March is the ideal time to prune small trees and shrubs.

Most of the deciduous varieties will suffer less damage from pruning now while they are dormant. Also, it is a lot easier to prune when the leaves are off, because you can see the structure of the branches more easily.

True, you could have done the work in February, but it is colder then and, usually, there is more snow on the ground. With March, a hint of spring is in the air, and the move to Daylight Saving Time last night means work can continue right up to the dinner hour.

I first began pruning shrubs in March after finding out that’s when apple growers prune their trees. If all the apple branches that sprout over the summer are allowed to remain, the tree will set more fruit than its roots can support. You’ll have more apples, but they’ll be smaller. You should also cut out most of the interior branches to give the fruit more sunlight.

We don’t have a lot of fruit trees, but that is the treatment our peach tree will get, as will the single apple tree remaining from when my wife, Nancy’s, grandparents owned the land.

Our high-bush blueberry bushes will need some work, too. We put in about a dozen three years ago, and I will just cut the dead out of those. You can tell if a branch is dead because the bark is gray, it may be peeling, and there are no small, reddish-maroon buds at the tip end of the branch.

For the older bushes, I will want six to 12 canes coming from the ground and, according to a University of Maine video by David Handley, those canes should range in age from 1 to 6 years old. Anything older, which would be large at the base, should come out.

Like apple trees, blueberry bushes should have an open center. First cut out any dead, brittle branches. Then cut out any branches that cross or rub against each other. The healthy branches, in addition to being reddish, will have plump, oval-shaped buds, which will produce the blossoms leading to the fruit. Never remove more than a third of each bush during pruning.

When it comes to flowering ornamental shrubs, I ignore the spring-blooming varieties. Although it would do the plants no harm to prune them now, it would mean fewer spring blossoms. So lilacs, azaleas, magnolias, rhododendrons and other spring blooming plants are pruned shortly after they flower.

This year, our viburnums will get special treatment, and we grow a lot of them: arrowwood, witherod, nannyberry and even a European snowball viburnum, which was one of the plants we put in the first spring we were in our house in 1976.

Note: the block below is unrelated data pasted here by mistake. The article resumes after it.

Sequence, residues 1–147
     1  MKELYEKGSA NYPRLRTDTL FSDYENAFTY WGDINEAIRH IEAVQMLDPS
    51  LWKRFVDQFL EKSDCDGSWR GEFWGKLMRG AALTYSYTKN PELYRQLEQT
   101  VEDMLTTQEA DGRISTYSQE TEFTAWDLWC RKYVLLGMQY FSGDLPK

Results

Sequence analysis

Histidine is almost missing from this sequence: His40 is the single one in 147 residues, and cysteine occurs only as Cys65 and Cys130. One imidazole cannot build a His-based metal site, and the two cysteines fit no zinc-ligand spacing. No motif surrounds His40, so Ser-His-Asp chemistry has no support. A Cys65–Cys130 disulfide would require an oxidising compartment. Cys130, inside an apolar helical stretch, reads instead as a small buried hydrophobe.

I had thought we lost the snowball viburnum in the late 1990s when the viburnum leaf beetle showed up in Maine. Both our American high-bush cranberry and the snowball bush died back to the ground, and we planted a rhododendron to replace the cranberry and a PeeGee hydrangea to replace the snowball.

The cranberry was never seen again, but a couple of years later the snowball sprouted from its roots, blossomed, again had its leaves eaten by the viburnum leaf beetle, but survived.

Watch out, little fella! Columnist Tom Atwell intends to vanquish the viburnum leaf beetle from his garden. Thijs de Graaf/Shutterstock

I’m not going to spray. But I am going to prune out as many of the pest egg clusters as I can. They show up on the under-side of the very tips of the branches, a straight line of football-shaped lumps extending about 6 inches long. I am going to cut all of them out of the snowball and check the other varieties, which are said to be resistant, to see if I can rid our property of the pest. Maybe I can keep the snowball’s leaves from getting Swiss-cheesed after it blossoms. Those twigs go into the regular trash, not compost or the brush pile, to insure that the eggs will be killed.

My other pest defense for March will be spraying the newly pruned blueberries with dormant oil to kill the winter moth. A pest that strikes hardwoods, especially oaks, but also maples and blueberries, the winter moth hasn’t been as bad the last couple years, but I would like to eliminate it. The oil isn’t poisonous, but it will smother the eggs. Dormant oil is a very fine version of the vegetable oil you probably have in your kitchen.

Once all of that is done, it will be just a few weeks until pea-planting time.

Tom Atwell is a freelance writer gardening in Cape Elizabeth. He can be contacted at: [email protected]


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